The Future Looks Brighter


“Exgoose Me” photo by Maria Dehne

Just the other week, we received a desperate call at the naturalist desk informing us that numerous Canada geese were caught in fishing line at the Winton Woods campground. Not only were the geese caught, but children were getting pretty upset about it. So I gathered gloves, a big net, a blanket, food and googles – everything but the kitchen sink – and headed over. I was not sure what I would come upon, and I even began to wonder if I could even really help at all.

When I arrived at the scene at about 11:15 a.m., three boys ages 12 and 13 greeted me. They shared that they had been watching the geese since they starting fishing at around 7 a.m. The boys immediately took me toward a large group of geese feeding on the grass, pointing out two geese that seemed hobbled by the fishing line. One was much more entrapped, with line wrapped numerous times around one leg that was then connected to the other, so that the goose walked awkwardly. We chose to assist that goose.

I attempted several times to catch the goose with the net while two of the boys, Sam and Elijah, worked valiantly to corral them. To be honest, I was not a very good goose wrangler. William, the eldest of the boys, said he thought he could do it. So I turned over the net to him. And sure enough after numerous tries, with the grace of an athlete William safely caught the goose.


Photo courtesy of

I put the blanket over it to protect us from the beak should the frightened goose want to retaliate. One of the boys began to cut the line off while I held the goose securely. He turned the job over to me, feeling a bit uncertain about how to get the very tightly wrapped line off. Soon I was able to gingerly cut the remaining line. I invited the boys to touch the goose’s feet, which were surprisingly warm.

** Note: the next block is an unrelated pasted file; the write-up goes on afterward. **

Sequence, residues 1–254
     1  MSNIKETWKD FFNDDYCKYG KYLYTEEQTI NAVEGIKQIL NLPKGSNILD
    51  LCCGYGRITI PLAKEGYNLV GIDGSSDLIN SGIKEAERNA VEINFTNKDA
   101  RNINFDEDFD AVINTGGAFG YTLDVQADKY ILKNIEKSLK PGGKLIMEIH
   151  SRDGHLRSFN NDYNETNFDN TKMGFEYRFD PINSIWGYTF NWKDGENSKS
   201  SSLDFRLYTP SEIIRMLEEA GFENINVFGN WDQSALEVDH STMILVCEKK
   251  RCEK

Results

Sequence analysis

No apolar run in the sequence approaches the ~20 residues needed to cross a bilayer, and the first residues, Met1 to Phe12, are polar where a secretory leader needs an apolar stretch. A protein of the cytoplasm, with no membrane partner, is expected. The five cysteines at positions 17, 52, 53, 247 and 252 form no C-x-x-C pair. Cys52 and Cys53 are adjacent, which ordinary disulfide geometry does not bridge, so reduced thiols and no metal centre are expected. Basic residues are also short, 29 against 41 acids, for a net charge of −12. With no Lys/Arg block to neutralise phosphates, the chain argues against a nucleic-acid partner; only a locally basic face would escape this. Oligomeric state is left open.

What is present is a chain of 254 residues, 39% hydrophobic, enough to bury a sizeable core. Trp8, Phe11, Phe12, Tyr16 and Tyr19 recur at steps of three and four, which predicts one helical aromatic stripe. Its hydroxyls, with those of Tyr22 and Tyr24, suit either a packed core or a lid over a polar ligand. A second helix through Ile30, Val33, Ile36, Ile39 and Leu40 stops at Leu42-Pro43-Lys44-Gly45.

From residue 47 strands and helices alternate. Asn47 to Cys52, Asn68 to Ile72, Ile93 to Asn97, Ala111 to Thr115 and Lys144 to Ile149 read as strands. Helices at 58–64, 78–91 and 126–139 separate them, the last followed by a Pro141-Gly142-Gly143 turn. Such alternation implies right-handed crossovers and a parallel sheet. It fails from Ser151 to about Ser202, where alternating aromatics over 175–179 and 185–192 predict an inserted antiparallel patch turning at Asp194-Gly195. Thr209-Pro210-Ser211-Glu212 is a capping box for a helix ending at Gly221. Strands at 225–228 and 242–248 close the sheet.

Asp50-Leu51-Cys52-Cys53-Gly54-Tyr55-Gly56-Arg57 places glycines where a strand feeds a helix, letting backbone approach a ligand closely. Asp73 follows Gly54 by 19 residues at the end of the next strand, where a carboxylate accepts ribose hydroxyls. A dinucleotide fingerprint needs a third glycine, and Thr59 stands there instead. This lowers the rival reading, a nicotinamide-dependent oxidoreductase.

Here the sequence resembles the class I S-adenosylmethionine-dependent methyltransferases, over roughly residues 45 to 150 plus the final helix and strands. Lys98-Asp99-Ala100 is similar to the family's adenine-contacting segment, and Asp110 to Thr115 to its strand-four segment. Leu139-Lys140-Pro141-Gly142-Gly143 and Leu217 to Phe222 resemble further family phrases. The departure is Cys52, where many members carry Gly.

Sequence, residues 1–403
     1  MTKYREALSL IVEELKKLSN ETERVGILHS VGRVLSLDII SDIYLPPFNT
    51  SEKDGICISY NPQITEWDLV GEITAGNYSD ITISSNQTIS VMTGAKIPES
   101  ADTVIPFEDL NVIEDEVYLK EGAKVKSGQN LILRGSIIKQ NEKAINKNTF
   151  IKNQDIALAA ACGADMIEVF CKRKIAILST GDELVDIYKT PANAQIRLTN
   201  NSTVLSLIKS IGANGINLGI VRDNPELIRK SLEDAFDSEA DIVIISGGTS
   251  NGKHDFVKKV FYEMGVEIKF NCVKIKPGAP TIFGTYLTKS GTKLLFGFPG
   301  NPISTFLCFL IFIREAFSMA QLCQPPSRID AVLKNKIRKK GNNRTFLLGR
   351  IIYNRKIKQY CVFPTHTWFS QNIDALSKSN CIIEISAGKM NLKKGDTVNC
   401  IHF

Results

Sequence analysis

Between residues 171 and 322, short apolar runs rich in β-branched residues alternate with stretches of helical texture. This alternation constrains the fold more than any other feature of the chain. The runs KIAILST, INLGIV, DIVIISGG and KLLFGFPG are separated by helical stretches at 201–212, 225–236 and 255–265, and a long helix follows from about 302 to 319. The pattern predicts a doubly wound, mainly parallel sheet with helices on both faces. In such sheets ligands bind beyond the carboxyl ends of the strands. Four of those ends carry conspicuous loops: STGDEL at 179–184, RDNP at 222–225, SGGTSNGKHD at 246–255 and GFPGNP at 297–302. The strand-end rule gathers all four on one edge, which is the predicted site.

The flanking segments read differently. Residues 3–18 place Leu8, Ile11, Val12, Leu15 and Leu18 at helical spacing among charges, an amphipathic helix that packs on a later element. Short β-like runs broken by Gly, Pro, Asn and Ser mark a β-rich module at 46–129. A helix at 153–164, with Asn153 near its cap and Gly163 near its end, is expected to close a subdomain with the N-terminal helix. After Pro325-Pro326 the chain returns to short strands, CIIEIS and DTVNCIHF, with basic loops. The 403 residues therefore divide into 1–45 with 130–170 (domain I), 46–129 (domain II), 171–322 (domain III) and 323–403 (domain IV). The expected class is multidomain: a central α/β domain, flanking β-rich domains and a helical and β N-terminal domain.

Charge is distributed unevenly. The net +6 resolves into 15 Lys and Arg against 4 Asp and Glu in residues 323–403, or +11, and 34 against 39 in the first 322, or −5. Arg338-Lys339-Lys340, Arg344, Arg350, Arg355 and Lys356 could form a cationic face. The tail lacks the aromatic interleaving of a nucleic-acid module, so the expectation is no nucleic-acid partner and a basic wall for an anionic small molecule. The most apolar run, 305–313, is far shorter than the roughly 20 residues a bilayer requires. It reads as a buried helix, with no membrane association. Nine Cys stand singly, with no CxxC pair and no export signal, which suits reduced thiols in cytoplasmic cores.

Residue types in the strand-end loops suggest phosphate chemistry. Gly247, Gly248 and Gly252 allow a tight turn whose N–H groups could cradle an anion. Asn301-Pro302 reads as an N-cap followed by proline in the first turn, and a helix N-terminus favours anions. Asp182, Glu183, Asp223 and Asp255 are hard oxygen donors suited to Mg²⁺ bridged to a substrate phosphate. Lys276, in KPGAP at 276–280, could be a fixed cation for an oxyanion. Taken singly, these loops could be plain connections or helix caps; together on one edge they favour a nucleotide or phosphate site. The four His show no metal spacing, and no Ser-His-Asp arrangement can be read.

Just about that time, one of the Great Parks’ rangers arrived to assist with the final release. On the count of three, we pulled the net and blanket off, and the bird flew away to join the others as if nothing had happened. We all let out a big cheer. Wow! We actually rescued the goose, and these boys had spent their entire morning working to help the bird. After chatting a bit more, I learned that the boys had even named William the “Goose Whisperer,” because he had been calling and talking to the geese during the morning.

I felt very strongly that this rescue was an important life lesson for these young lads. I was inspired by their tenacity and deep caring for the tangled goose. Never mind that geese are not valued by many. These boys chose to help an animal in need, and that was all that mattered. If we could all be that compassionate toward someone or something, I am sure the future will be brighter. And our youth have shown the way!

Susan Sumner, Naturalist, Winton Woods